Blood Clots

  • Medical Author:
    Benjamin Wedro, MD, FACEP, FAAEM

    Dr. Ben Wedro practices emergency medicine at Gundersen Clinic, a regional trauma center in La Crosse, Wisconsin. His background includes undergraduate and medical studies at the University of Alberta, a Family Practice internship at Queen's University in Kingston, Ontario and residency training in Emergency Medicine at the University of Oklahoma Health Sciences Center.

  • Medical Editor: Melissa Conrad Stöppler, MD
    Melissa Conrad Stöppler, MD

    Melissa Conrad Stöppler, MD

    Melissa Conrad Stöppler, MD, is a U.S. board-certified Anatomic Pathologist with subspecialty training in the fields of Experimental and Molecular Pathology. Dr. Stöppler's educational background includes a BA with Highest Distinction from the University of Virginia and an MD from the University of North Carolina. She completed residency training in Anatomic Pathology at Georgetown University followed by subspecialty fellowship training in molecular diagnostics and experimental pathology.

Blood Clot Symptoms

Symptoms of a blood clot in the venous system can include swelling of the affected area, warmth, redness, and pain. Venous blood clots occur most commonly in the arms and legs. Symptoms of an arterial blood clot result from a lack of or decrease in oxygen delivery to the tissues supplied by the involved artery. Pain in the involved area is often the first symptom.

Other symptoms can occur when arterial clots form in a particular area. For example, clots in the coronary arteries can cause chest pain and the accompanying symptoms of a heart attack.

Quick GuideDeep Vein Thrombosis (DVT): Symptoms, Treatment & Prevention

Deep Vein Thrombosis (DVT): Symptoms, Treatment & Prevention

Blood clot facts

  • A blood clot forms to try and repair damage to a blood vessel, either an artery or vein.
  • A blood clot is a gel-like mass formed by platelets and fibrin in the blood to stop bleeding.
  • When blood clots form inappropriately inside an artery or vein, they may cause significant problems because blood flow past the clot is decreased.
  • There are a variety of risk factors and illness that can lead to blood clot formation.
  • Causes of blood clots may include:
    • Heart conditions, including atrial fibrillation, a heart rhythm disturbance
    • Pregnancy
    • Prolonged immobility
    • Smoking
    • Certain medications, including birth control pills
    • Surgery, especially orthopedic procedures when casts or splints are placed and the patient is immobile
    • Inherited blood clotting disorders.
  • Symptoms of blood clots depend on their location in the body. Some blood clots produce no symptoms until they rupture or become dislocated and travel through the circulatory system to other sites. Symptoms of blood clots in specific body locations are as follows:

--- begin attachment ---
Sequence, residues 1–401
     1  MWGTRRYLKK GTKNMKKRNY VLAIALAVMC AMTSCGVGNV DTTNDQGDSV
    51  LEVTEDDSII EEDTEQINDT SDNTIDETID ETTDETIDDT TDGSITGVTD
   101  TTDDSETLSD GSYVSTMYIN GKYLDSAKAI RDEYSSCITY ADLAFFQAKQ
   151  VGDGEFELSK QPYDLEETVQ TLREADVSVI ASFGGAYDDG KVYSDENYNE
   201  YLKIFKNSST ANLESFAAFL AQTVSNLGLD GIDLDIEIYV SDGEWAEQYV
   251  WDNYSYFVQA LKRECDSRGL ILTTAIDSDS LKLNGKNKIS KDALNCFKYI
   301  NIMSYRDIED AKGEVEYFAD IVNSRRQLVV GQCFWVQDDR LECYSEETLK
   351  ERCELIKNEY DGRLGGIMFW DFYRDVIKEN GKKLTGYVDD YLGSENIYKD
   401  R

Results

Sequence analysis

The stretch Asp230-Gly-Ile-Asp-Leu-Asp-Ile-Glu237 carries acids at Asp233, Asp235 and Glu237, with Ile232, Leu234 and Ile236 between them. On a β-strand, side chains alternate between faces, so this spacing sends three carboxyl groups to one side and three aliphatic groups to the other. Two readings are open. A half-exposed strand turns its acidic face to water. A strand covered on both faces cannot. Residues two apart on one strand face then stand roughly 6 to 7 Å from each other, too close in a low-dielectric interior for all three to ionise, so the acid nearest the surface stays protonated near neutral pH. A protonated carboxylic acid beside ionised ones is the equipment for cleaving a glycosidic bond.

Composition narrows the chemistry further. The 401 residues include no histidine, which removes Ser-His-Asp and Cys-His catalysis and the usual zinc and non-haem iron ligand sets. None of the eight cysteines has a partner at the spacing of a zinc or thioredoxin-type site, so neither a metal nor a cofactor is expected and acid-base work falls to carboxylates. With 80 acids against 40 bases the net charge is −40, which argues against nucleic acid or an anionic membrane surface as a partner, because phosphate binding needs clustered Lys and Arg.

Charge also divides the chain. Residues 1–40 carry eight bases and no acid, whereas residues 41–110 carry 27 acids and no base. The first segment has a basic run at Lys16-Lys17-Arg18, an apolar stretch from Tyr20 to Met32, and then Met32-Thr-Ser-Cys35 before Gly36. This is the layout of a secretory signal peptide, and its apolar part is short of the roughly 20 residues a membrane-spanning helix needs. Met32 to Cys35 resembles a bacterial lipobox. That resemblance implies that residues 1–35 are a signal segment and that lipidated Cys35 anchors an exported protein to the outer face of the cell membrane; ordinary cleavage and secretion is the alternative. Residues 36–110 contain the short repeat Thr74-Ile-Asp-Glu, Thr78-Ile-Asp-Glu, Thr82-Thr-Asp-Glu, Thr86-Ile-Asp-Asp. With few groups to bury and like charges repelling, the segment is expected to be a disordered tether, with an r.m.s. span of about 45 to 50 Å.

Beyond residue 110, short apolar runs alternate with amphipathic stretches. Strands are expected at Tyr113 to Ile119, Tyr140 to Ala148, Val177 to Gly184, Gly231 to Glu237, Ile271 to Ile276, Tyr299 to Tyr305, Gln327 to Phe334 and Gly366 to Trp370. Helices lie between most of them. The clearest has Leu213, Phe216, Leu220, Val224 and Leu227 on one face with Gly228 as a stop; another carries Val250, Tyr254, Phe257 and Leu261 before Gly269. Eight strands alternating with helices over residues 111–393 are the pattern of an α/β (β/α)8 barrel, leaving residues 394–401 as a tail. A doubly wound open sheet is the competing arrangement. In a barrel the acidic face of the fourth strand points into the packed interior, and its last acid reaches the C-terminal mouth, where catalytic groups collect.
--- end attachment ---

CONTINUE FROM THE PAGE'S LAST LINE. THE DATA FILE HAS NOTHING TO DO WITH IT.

• Symptoms of blood clots in legs (deep vein thrombosis (DVT) are pain, redness, and swelling
    • Symptoms of an arterial blood clot in the leg are painful and the leg is cool and pale.
    • Symptoms of blood clots in the lung (pulmonary embolus) are chest pain, shortness of breath, and rapid pulse and breathing
    • Symptoms of a stroke (blood clot in an artery of the brain) include loss of speech, vision, and weakness on one side of the body
    • Symptoms of a heart attack (blood clot in a coronary artery) are chest pain, shortness of breath, nausea, indigestion, and sweating
    • Symptoms of mesenteric ischemia (blood clot to an artery that supplies the intestine) are abdominal pain, nausea, blood in stool
  • The diagnosis of a blood clot is suggested by the history and physical examination and is often confirmed with an imaging test. Depending upon the location of the blood clot and its cause, treatment may require surgery, anti-coagulation medications, or a combination of the two.
  • Prevention of blood clots involves attention to the risk factors for vascular disease and includes avoiding smoking and lifelong control of high blood pressure, high cholesterol, and diabetes.
  • Serious complications may arise from blood clots, some are life threatening, and individuals should seek urgent or emergent medical care if they believe they may have a blood clot. This is especially true if signs and symptoms of a heart attack or stroke occur.
Reviewed on 4/27/2016
References
REFERENCES:

Antithrombotic Therapy and Prevention of Thrombosis, 9th ed: American College of Chest Physicians Evidence-Based Clinical Practice Guidelines. Chest. 2012;141(2_suppl):

Dzsheka MS, et al. Stroke and bleeding risk in atrial fibrillation. Clin Cardiol.2014, Oct, 37(10)

Medscape. Deep Vein Thrombosis and Thrombophlebitis.

Fauci, Anthony S., et al. Harrison's Principles of Internal Medicine. 17th ed. United States: McGraw-Hill Professional, 2011.

IMAGES:

1.

2.

3.

4.

5.

6.

7.

8.Universal Images Group / Getty Images

9.

10.iStock

11.

12.Brand X Pictures / Getty Images

13.

14.

Subscribe to MedicineNet's Heart Health Newsletter

By clicking Submit, I agree to the MedicineNet's Terms & Conditions & Privacy Policy and understand that I may opt out of MedicineNet's subscriptions at any time.

VIEW PATIENT COMMENTS
  • Blood Clots - Describe Your Experience

    Please describe your experience with blood clots.

    Post View 73 Comments
  • Blood Clots - Causes

    What was the cause of your blood clot?

    Post View 57 Comments
  • Blood Clots - Symptoms

    What symptoms did you have before you were diagnosed with a blood clot?

    Post View 10 Comments
  • Blood Clots - In Leg

    What were the complications of your blood clot?

    Post View 3 Comments

Health Solutions From Our Sponsors